The Golden House

The Golden House (Domus Aurea) was a Roman palace complex built on the slopes of the Palatine, Esquiline, Oppian and Caelian hills in Rome by Emperor Nero.

The palace was Nero’s personal entertainment complex, designed to host his lavish parties and infamous orgies in the maze of corridors and 300 rooms.

Construction began between 64 and 68AD in the Regione III Isis et Serap after the devasting fire of 64AD had destroyed large areas of Rome.


The master architect Severus and engineer Celer were tasked with designing the complex, whilst the interior wall paintings and stucco decorations were commissioned to Famulus.

Image Credit : Fred Romero – CC BY 2.0

The Golden House was furnished with the most lavish polished white marble flooring, mosaics and stuccoed ceilings faced with semi-precious stones and ivory veneers. The walls were covered in frescoed paintings often being themed and decorated with extensive gold leaf. When completed Nero was said to have said: ‘Now I can begin to live like a human being’.

Overall plan of Domus Aurea – Credit : Cristiano64

Scholars believe the Golden House covered an area of up to 300 acres. The palace grounds were described by Suetonius as “ruinously prodigal” as it included groves of trees, pastures with flocks, vineyards and an artificial lake—rus in urbe, “countryside in the city”.

The architects designed two of the principal dining rooms to flank an octagonal court, surmounted by a dome (probably originally covered in glass mosaic) with a giant central oculus to let in light.

Reconstructive plan of the pavilion of the domus Aurea on the Oppio hill – Credit : Cristiano64

Celer and Severus created an ingenious mechanism, cranked by slaves, that made the ceiling underneath the dome revolve like the heavens, while perfume was sprayed and rose petals were dropped on the assembled diners (According to some accounts, perhaps embellished by Nero’s political enemies to make him appear vain and misappropriate funds).

Nero also commissioned a colossal statue of himself made of bronze outside the main palace entrance, possibly meant to represent Nero as the sun god Sol.

Golden House Legacy

Upon Nero’s death, the Golden House was stripped of assets by Nero’s successors. The grounds were filled in with earth and built over to make way for Vespasian’s Flavian Amphitheatre, the Baths of Trajan and the Temple of Venus of Rome – wiping Nero’s vanity project from public memory.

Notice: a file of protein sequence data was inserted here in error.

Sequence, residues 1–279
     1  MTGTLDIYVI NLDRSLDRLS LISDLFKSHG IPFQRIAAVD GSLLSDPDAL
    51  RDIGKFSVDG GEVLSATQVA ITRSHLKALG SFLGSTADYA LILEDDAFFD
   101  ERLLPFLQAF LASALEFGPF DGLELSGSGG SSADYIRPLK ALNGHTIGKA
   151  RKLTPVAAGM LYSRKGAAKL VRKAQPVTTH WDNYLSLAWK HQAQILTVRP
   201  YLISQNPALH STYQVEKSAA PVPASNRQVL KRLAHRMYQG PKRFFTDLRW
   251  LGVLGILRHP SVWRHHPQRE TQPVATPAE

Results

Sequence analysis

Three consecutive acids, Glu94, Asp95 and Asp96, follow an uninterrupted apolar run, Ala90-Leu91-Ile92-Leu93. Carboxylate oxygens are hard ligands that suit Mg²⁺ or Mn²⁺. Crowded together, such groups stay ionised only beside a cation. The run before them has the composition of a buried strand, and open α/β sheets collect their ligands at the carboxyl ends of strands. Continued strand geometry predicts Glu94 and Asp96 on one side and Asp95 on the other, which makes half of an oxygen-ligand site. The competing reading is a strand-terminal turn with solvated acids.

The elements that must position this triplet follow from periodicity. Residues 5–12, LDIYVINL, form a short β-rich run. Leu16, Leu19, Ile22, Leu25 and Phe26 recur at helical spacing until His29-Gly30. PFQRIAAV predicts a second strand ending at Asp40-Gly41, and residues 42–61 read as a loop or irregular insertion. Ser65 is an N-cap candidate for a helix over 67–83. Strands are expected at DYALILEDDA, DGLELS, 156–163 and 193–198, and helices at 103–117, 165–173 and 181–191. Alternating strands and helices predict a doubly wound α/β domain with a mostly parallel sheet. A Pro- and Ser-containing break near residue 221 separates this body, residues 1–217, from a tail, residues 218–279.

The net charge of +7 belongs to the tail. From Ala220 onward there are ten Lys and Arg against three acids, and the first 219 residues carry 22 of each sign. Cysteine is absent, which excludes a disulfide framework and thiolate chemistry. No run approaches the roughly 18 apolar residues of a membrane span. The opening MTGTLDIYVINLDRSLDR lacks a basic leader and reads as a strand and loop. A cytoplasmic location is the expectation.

The real legacy was the influence the Golden House played in other building projects throughout the Roman empire. The technique for the Dome was an early example of concrete construction which would be replicated in many Roman buildings that followed.

Another innovation was the influence on the art of the future: Nero placed mosaics, previously restricted to floors, in the vaulted ceilings. Only fragments have survived, but that technique was to be copied extensively, eventually ending up as a fundamental feature of Christian art: the apse mosaics that decorate so many churches in Rome, Ravenna, Sicily and Constantinople.

Image Credit : Andy Montgomery – CC BY-SA 2.0

The Golden House remained buried until the 15th century when a young Roman inadvertently fell through an opening in the Esquiline hillside and found themselves inside a painted subterranean chamber. The discovery instantly attracted Rome’s young artists, eager to see the vibrant frescos and mosaics which were a revelation to the eyes of the early Renaissance artists.

During recent renovation works at the end of 2018, experts stumbled upon a vaulted room richly decorated with panthers, centaurs, the god Pan, and a sphinx, believed to have been built between 65AD and 68AD.

The effect Famulus’s frescos in the Golden House had on Renaissance art can be seen in the painter Raphael’s decoration for the loggias in the Vatican, and the white walls, delicate swags, and bands of frieze – framed reserves containing figures or landscapes have returned at intervals influencing the history of art ever since.

Header Image – Panorama of Octagonal Room, Domus Aurea – Credit : Tyler Bell

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Markus Milligan
Markus Milligan
Markus Milligan - Markus is a journalist and the Managing Editor at HeritageDaily. His background is in archaeology and computer science, having written over 7,000 articles across several online publications. Markus is a member of the Association of British Science Writers (ABSW).



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